Pascrell Pokes At TM Merger

A New Jersey representative that took Ticketmaster to task over the Bruce Springsteen ticket snafu in February is still at it – this time penning a letter to colleagues asking for their support in fighting the company’s proposed merger with Live Nation.

Rep. Bill Pascrell, who called for an investigation of the merger by the U.S. Department of Justice, testified before the House Judiciary Committee and sponsored legislation to revamp the ticket industry, is hoping some of his congressional contemporaries will jump aboard the train to derail the proposed deal.

In his letter, Pascrell writes that he has “grave concerns” about the merger, which he claims would violate both horizontal and vertical antitrust principles.

“This merger will have far reaching negative consequences for artists, fans, promoters, and the music industry as a whole,” the Democrat said. “Under the proposed merger, the combined company would have control over nearly every aspect of the live music business: artist management, record sales, promotion, licensing, venue control, parking, ticket sales and resales, all the way down to the hot dogs and beer.”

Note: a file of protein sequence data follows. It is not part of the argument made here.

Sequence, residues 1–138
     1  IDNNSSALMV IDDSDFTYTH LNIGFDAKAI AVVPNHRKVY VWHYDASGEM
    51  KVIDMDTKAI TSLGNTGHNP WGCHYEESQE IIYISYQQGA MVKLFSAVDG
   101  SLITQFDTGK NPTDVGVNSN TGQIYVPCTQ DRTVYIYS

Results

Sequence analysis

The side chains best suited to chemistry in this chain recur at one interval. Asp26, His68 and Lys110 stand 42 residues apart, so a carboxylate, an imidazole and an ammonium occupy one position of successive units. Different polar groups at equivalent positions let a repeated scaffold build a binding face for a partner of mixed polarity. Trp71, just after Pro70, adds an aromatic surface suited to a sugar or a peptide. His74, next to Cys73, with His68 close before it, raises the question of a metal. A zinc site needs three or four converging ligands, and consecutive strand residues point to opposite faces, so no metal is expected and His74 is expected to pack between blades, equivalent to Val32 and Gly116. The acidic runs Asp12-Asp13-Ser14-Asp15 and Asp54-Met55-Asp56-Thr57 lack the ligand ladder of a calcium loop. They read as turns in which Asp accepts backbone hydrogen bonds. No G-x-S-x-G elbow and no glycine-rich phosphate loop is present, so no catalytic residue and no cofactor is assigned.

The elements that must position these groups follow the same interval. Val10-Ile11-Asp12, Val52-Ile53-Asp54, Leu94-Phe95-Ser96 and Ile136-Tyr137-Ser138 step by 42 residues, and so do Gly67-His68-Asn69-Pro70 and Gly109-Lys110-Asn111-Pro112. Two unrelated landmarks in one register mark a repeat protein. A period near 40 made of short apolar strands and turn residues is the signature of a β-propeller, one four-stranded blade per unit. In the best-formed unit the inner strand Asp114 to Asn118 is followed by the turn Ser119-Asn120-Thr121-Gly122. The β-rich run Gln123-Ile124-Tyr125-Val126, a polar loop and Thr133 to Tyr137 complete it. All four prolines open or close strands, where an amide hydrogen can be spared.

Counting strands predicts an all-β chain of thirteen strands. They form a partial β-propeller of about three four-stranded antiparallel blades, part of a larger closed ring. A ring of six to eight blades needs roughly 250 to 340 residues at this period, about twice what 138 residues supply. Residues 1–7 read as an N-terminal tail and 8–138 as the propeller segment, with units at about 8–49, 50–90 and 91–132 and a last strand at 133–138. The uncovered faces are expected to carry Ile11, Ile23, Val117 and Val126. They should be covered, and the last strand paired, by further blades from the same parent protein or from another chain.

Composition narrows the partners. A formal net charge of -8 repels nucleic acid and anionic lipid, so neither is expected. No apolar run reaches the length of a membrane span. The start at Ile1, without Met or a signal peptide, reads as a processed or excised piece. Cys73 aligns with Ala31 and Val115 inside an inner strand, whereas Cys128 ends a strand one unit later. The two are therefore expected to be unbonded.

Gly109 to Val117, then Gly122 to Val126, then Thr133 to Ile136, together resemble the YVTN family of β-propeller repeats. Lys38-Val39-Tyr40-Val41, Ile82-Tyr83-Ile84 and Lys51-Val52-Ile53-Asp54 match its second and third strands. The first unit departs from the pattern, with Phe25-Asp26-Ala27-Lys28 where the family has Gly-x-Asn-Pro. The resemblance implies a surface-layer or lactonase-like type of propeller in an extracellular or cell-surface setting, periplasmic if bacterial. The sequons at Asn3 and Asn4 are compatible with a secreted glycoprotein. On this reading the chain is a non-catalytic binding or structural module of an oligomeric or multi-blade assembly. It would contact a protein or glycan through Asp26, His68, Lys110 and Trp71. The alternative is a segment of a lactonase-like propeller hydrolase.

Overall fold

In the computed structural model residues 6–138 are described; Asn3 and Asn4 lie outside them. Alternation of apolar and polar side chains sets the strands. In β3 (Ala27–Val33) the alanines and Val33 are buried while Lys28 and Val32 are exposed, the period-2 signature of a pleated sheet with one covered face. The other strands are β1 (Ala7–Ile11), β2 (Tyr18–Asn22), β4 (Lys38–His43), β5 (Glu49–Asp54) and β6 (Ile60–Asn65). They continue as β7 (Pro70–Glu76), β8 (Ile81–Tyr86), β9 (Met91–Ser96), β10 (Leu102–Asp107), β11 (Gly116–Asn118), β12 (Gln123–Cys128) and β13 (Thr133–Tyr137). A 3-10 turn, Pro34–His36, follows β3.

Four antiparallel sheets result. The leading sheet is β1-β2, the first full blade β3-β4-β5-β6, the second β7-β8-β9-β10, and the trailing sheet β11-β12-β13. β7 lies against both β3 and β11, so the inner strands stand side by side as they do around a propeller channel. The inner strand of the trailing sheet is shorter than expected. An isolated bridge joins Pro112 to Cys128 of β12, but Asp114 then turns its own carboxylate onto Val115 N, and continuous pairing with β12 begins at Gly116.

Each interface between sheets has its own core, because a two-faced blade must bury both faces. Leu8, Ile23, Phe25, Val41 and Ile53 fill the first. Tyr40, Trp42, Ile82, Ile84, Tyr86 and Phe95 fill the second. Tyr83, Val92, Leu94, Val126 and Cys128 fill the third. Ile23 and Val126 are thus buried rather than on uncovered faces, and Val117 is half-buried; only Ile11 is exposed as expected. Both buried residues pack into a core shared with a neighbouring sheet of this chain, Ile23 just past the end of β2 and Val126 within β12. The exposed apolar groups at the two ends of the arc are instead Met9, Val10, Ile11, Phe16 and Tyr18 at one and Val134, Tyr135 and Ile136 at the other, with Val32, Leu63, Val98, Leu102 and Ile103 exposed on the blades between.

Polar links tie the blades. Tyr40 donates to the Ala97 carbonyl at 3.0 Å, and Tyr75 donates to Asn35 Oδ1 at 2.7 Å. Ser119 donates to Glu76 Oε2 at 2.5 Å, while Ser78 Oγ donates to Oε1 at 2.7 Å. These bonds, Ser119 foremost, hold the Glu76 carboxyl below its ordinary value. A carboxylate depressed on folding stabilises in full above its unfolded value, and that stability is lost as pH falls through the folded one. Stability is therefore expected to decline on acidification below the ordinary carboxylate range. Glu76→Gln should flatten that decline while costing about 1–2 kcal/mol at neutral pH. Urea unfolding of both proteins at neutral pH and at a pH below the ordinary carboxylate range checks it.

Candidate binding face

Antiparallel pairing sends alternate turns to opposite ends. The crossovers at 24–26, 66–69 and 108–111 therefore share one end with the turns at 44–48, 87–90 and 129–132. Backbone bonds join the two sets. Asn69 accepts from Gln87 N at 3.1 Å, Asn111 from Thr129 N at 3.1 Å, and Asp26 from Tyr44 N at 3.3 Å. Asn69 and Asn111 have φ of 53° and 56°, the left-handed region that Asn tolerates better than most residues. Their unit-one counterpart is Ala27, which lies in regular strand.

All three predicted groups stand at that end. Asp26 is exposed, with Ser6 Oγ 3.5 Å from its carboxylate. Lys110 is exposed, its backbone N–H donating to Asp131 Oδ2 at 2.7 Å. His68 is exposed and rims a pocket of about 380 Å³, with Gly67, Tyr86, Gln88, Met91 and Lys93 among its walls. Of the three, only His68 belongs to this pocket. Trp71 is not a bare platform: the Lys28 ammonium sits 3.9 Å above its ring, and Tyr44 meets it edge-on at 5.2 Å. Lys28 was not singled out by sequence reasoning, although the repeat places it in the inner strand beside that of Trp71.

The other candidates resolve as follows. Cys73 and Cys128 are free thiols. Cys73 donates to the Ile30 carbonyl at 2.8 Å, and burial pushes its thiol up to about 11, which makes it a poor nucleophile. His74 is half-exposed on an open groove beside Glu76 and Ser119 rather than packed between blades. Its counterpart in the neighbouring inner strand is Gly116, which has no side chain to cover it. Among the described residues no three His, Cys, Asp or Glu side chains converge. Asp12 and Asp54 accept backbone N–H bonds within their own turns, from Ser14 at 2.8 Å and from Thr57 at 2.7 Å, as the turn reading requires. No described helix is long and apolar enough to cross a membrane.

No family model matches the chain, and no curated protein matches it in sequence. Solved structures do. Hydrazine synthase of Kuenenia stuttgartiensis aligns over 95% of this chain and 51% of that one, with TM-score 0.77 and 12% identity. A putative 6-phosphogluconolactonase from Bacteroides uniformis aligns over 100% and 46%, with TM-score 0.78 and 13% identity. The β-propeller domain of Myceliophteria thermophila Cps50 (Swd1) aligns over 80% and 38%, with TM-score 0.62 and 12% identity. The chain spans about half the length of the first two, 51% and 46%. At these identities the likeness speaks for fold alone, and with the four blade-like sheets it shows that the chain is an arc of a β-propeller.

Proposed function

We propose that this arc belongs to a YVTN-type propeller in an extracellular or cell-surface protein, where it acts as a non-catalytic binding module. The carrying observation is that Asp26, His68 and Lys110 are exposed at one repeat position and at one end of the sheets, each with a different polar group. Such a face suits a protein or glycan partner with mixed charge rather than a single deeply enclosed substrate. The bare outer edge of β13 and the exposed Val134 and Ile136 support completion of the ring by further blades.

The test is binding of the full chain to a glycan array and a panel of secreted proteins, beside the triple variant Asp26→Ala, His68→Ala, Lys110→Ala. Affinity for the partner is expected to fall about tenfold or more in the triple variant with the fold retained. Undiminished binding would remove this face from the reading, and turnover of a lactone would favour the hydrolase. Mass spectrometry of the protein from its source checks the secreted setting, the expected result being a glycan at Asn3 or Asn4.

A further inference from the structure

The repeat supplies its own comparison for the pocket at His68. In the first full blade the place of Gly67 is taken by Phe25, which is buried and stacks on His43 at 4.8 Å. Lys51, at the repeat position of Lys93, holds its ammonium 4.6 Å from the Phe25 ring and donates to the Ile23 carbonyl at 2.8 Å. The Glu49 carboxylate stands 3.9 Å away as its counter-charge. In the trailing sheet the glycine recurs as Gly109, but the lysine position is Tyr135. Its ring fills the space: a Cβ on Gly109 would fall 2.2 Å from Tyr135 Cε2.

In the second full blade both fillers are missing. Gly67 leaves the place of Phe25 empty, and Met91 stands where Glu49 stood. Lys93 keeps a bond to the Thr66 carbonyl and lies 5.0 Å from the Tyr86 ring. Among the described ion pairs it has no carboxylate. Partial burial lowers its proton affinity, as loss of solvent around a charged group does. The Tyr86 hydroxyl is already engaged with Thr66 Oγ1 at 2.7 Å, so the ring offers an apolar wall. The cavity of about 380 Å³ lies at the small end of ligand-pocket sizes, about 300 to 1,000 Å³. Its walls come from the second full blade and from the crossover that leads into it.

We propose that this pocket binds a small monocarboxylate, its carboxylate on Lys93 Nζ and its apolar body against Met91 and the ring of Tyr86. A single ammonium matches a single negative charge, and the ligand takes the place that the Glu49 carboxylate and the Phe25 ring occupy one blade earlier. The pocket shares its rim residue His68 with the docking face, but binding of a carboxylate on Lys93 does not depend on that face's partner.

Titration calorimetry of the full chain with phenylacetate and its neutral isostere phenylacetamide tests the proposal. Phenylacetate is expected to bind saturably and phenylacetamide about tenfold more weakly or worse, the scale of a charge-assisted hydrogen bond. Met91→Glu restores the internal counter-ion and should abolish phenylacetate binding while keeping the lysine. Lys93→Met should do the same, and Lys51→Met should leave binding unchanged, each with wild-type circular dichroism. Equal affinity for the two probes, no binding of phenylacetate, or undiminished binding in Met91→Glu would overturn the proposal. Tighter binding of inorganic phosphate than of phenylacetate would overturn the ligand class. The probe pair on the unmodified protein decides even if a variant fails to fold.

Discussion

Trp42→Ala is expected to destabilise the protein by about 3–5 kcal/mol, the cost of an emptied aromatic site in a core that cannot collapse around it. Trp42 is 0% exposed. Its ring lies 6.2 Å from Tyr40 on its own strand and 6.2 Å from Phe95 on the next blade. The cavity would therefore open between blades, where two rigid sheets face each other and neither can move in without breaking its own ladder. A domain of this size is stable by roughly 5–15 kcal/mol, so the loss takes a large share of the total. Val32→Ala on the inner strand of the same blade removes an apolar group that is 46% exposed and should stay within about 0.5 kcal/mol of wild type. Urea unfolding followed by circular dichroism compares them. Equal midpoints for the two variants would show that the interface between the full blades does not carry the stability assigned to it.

Ticketmaster and Live Nation previously announced their merger of equals would “expand access, improve transparency and deliver artists and fans more choice,” improving the live entertainment experience and driving innovations in ticket technology and service.

However, Pascrell’s letter cites James Hurwitz of the American Antitrust Institute, who said the combined Live Nation Entertainment would have a “powerful or dominant position in virtually all of the industry’s markets” and control most of the competition within the industry.

Pascrell told the Newark Star-Ledger that keeping the pressure on the Obama administration, which has announced plans to vigorously enforce antitrust laws, is critical at this point.

“Because a ruling is anticipated this fall, now is the ideal time to show opposition from Congress to the merger,” he said. “We want to show [the Justice Department] that support exists for a new approach.”